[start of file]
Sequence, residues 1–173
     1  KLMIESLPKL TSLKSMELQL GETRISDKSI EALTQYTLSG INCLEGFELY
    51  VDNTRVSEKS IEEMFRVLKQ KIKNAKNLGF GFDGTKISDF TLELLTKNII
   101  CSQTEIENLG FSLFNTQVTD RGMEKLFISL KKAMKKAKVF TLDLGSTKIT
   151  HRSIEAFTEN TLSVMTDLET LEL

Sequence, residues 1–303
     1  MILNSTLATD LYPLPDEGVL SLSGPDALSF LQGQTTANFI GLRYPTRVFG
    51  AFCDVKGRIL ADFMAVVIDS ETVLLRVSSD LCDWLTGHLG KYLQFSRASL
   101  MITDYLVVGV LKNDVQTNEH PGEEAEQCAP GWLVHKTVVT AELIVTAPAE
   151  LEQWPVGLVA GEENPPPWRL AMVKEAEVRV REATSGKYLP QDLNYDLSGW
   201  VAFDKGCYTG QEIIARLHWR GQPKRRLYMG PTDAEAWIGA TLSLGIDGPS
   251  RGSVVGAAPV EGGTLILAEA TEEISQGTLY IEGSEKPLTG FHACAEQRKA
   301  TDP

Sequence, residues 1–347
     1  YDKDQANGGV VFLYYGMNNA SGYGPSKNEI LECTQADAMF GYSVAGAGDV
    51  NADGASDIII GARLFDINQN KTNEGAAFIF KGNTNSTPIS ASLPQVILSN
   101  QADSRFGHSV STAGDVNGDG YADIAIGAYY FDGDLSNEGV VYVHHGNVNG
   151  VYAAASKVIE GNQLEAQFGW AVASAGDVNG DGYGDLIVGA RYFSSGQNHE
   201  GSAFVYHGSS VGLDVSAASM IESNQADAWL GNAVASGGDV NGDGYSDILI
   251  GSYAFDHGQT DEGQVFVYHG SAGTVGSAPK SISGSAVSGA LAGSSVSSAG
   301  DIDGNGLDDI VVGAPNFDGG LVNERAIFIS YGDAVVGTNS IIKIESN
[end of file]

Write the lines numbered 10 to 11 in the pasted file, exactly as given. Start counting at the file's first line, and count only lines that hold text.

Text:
   151  LEQWPVGLVA GEENPPPWRL AMVKEAEVRV REATSGKYLP QDLNYDLSGW
   201  VAFDKGCYTG QEIIARLHWR GQPKRRLYMG PTDAEAWIGA TLSLGIDGPS